Sen. Lisa Murkowski had just endured a humbling defeat in the GOP primary that had seemingly ended her political career when a waiter at an Anchorage restaurant came up to her with a message.
"I said, 'Please do this. Don't leave us in this situation,'" Patrick Blomquist said, taking his chances by violating restaurant policy that he says forbids staff from talking politics with customers. "I was a little nervous because basically my job was on the line. But my state was (also) on the line."
Murkowski was so touched by the encounter and others like it as she contemplated a write-in candidacy that she jumped back in the race with a reinvigorated sense, culminating with her victory Wednesday — what she called "our miracle" — following a week-long vote count.
"I promised during this campaign that I would do everything, everything that I could do to best represent you," Murkowski told supporters Wednesday night, her voice shaking at times. She added later: "I pledge to you today and from this day forward that I will do everything that I can to keep that commitment to you all."
Murkowski is the first U.S. Senate candidate since 1954 to win a write-in campaign, a feat made possible by her widespread name recognition, savvy marketing, help from a well-financed PAC formed by Alaska Native corporations, and the missteps of opponent Joe Miller.
In mounting the outsider run, Murkowski displayed an energy she lacked during the primary, when she let attacks on her record go unchecked and paid little attention to the Sarah Palin-backed Miller, who was making his first run for statewide office. She said she was offering Alaskans a choice between the "extremist" views of Miller and the "inexperience" of Democrat Scott McAdams, a small-town mayor.
The normally cerebral Murkowski declared the gloves off. She said she was in the race to win it, asked Alaskans to stand with her, and she taunted Palin and a Republican establishment that saw her as going on a fool's errand.
"Well, perhaps it's time they met one Republican woman who won't quit on Alaska," she said to cheers in September, a not-so-subtle dig on Palin's decision to step down early as Alaska governor.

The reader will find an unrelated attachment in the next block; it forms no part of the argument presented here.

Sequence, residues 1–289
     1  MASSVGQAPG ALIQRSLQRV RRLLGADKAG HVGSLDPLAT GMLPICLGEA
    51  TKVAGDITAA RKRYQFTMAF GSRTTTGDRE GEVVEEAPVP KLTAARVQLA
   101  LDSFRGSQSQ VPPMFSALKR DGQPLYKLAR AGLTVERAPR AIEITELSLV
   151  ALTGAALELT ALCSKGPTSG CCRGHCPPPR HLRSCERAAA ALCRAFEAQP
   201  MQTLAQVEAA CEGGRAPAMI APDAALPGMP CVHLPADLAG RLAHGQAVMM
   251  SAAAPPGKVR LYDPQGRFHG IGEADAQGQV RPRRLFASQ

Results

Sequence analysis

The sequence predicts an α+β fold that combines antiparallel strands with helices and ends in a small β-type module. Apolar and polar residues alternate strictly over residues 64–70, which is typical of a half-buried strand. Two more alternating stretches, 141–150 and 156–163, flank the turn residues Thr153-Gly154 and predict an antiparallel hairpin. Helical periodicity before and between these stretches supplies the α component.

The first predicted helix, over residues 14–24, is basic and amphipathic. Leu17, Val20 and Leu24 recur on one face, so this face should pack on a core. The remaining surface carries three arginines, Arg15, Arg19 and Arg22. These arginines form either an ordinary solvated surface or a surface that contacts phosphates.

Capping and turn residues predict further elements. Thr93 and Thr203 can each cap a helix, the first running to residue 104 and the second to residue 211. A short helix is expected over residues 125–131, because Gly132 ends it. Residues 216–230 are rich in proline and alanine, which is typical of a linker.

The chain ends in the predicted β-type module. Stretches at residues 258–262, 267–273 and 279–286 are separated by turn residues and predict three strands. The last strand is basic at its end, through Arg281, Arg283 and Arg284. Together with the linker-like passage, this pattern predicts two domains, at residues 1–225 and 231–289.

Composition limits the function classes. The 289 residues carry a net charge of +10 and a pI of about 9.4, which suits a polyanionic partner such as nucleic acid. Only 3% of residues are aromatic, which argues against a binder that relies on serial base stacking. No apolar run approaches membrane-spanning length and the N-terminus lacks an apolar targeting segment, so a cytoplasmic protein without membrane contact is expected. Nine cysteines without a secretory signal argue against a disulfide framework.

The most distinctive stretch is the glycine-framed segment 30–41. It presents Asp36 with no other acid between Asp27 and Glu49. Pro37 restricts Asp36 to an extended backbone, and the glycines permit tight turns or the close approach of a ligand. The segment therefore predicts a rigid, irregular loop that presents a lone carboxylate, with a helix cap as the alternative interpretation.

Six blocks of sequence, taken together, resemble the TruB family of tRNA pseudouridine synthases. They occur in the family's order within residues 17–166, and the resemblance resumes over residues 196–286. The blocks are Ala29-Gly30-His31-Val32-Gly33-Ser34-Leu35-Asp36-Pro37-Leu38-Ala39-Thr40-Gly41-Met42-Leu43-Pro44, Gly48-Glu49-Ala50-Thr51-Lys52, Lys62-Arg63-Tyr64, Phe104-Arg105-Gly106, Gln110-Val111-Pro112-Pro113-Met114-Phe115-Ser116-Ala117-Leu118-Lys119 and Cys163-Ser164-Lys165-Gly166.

Palin did not immediately comment about the result. Miller refused to concede the race, with campaign spokesman Randy DeSoto saying "decisions will be made shortly" on whether to quit or keep fighting with a recount or legal challenge.
The outcome almost never happened.
In the days before Murkokwski was set to return to Alaska from Washington to announce whether she'd run, she went back and forth, with campaign staffers believing the night before that she was out. She was prepared to return to private life after an eight years in office that saw her star rise in the GOP ranks. She was torn between honoring the party system — taking her lumps and backing the nominee — and her own sense of duty. She also questioned how she'd win without help from the national party or the PACs whose money she depended on for years to fatten her campaign bank account.
Murkowski said it was the outpouring of support from the Alaskan public that ultimately convinced her to run: People like the waiter in Anchorage. Or the sobbing woman at a boat ramp in Alaska's wild Interior who pleaded with her to stay in the race. Or the voicemail from a friend telling her she had an obligation to fulfill.
She knew what was at stake: A loss could have meant the end of her political career. But a win meant carrying on the legacy of her mentor, the late Sen. Ted Stevens, revered in Alaska for bringing home billions in federal aid and projects during his 40 years in the Senate.